PS_3_and_Solutions

# PS_3_and_Solutions - 16March2011 PS#3 InthisPS, Then we...

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16 March 2011 IE 256 STATISTICS FOR INDUSTRIAL ENGINEERS PS # 3 In this PS, we have discussed the theoretical background of sampling distributions for the mean. Then we considered the first question of PS # 2 to have a practical insight. Lastly, we have concluded the PS with a simulation of these discussions in a statistical package namely R. You are not responsible with the coding procedure in R, I use it just to show you some graphical results. The following figure shows the sampling process from a population. A population is the collection of all possible outcomes of a random variable ܺ . Each individual in the population, represented by , follows a distribution . The mean of the population is and the standard deviation is ߪ . If all outcomes in the population with their probabilities are not given or the distribution of the population with parameters of the distribution is not known we cannot calculate the values of and . Since generally the size of the population is very large, we cannot figure out all outcomes in the population from practical point of view. Hence, we decide to make measurements for a limited number of trials, say ݊ many outcomes, and constitute a sample of the population. ܺ ܦ݅ݏݐ ߤ ߤ ߪ 1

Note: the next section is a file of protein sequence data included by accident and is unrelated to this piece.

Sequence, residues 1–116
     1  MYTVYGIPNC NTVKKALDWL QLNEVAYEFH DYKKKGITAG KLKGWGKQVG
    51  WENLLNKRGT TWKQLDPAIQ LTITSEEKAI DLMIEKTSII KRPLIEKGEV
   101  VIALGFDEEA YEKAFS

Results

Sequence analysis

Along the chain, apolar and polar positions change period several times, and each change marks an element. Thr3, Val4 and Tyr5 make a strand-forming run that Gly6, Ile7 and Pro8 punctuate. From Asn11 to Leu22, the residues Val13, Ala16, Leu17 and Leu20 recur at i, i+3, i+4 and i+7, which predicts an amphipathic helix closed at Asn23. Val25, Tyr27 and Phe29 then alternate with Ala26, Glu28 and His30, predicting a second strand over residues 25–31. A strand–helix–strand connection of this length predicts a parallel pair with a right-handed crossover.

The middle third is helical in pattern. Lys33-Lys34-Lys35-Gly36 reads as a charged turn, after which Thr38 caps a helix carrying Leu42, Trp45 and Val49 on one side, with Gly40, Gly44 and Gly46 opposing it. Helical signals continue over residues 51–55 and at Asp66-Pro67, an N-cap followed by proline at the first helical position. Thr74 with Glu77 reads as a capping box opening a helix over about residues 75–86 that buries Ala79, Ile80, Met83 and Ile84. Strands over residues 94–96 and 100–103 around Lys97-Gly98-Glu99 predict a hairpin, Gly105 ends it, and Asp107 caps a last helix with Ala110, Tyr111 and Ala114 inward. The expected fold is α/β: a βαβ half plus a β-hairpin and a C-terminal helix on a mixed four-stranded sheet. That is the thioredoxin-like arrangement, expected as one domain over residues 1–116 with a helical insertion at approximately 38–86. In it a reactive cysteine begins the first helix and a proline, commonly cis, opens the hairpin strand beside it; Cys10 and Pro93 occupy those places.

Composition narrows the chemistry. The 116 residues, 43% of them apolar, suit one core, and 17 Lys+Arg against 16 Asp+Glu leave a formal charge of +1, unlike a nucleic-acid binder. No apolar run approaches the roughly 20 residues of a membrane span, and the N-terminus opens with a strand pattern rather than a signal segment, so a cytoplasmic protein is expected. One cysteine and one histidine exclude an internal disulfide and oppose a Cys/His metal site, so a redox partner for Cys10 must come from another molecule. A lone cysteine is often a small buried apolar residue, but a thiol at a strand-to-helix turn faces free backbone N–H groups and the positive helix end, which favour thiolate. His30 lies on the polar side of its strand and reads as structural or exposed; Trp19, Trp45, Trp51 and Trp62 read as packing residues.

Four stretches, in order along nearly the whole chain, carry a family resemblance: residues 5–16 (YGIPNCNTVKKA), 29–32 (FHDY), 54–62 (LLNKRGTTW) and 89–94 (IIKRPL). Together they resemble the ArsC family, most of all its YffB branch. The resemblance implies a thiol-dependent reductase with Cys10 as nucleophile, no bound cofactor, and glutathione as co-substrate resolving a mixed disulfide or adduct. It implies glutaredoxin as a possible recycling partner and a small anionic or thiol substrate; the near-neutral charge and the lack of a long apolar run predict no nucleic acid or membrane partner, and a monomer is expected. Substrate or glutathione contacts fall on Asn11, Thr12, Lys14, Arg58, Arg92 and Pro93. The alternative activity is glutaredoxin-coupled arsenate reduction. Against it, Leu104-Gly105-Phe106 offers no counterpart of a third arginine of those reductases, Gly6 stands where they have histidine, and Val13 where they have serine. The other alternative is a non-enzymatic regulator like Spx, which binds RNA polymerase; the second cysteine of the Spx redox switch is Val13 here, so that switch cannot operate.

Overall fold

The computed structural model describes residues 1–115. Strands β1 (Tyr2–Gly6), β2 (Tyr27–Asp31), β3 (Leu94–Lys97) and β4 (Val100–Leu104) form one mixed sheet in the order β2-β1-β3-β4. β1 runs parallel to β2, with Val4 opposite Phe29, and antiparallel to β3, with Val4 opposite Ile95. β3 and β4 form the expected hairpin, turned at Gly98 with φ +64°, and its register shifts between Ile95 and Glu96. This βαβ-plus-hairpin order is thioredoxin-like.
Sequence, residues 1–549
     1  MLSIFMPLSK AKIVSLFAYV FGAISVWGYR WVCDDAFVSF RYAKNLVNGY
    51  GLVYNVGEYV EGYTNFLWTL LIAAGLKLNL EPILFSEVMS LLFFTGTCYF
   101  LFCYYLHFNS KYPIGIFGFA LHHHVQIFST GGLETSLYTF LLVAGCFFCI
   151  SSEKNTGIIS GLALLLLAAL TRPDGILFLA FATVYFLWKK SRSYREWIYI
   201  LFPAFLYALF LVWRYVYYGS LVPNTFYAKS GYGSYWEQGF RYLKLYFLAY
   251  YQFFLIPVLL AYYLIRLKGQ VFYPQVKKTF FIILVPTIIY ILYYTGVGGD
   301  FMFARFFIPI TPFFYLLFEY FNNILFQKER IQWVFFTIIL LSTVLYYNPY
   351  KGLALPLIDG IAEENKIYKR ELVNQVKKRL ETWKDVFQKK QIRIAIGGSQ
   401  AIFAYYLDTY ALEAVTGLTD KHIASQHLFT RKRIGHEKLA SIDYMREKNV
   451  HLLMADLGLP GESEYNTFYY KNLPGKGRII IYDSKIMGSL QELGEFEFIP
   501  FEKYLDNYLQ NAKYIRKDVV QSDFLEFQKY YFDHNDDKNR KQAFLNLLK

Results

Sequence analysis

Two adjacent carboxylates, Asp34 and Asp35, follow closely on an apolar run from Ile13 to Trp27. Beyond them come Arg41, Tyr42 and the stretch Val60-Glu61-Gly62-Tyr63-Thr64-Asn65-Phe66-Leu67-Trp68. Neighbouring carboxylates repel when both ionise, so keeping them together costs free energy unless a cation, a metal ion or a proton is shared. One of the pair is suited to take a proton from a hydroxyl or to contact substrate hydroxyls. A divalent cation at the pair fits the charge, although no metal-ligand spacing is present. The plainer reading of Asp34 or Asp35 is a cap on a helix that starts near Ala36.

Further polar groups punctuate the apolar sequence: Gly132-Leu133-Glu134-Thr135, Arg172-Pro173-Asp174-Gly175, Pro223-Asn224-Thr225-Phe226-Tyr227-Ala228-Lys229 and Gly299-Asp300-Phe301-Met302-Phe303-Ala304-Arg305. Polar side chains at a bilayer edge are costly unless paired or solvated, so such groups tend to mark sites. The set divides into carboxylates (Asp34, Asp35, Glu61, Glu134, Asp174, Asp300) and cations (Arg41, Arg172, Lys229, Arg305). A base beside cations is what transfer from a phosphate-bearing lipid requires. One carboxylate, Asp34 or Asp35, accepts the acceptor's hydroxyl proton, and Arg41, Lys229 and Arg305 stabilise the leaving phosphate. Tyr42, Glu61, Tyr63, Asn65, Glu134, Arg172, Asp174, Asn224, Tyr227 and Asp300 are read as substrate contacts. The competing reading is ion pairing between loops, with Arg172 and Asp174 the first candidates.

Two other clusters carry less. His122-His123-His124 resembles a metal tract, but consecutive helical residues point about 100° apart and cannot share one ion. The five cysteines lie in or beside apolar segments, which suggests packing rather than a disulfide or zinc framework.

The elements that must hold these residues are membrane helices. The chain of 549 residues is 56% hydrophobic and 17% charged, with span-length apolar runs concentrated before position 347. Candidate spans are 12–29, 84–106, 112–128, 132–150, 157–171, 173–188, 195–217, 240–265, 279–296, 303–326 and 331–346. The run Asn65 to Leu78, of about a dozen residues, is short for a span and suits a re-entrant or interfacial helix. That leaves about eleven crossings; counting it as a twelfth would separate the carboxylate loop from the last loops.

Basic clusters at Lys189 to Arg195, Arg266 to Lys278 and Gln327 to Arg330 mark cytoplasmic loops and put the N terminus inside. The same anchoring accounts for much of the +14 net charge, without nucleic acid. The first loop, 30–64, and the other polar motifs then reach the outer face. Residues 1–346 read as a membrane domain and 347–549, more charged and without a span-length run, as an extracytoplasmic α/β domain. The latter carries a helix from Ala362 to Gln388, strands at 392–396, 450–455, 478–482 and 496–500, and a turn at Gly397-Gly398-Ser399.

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16 March 2011 Each outcome in a sample, represented with ܺ ,݅ൌ1 ,… , comes from ܦ݅ݏݐ with same parameter values, since they are members of the population. We know all values in a sample, therefore we can calculate sample mean ܺ and sample standard deviation ܵ . Let us repeat this sampling process for ݉ times. This means we take ݉ different samples each of which has ݊ observations. Since we are taking these ݉
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PS_3_and_Solutions - 16March2011 PS#3 InthisPS, Then we...

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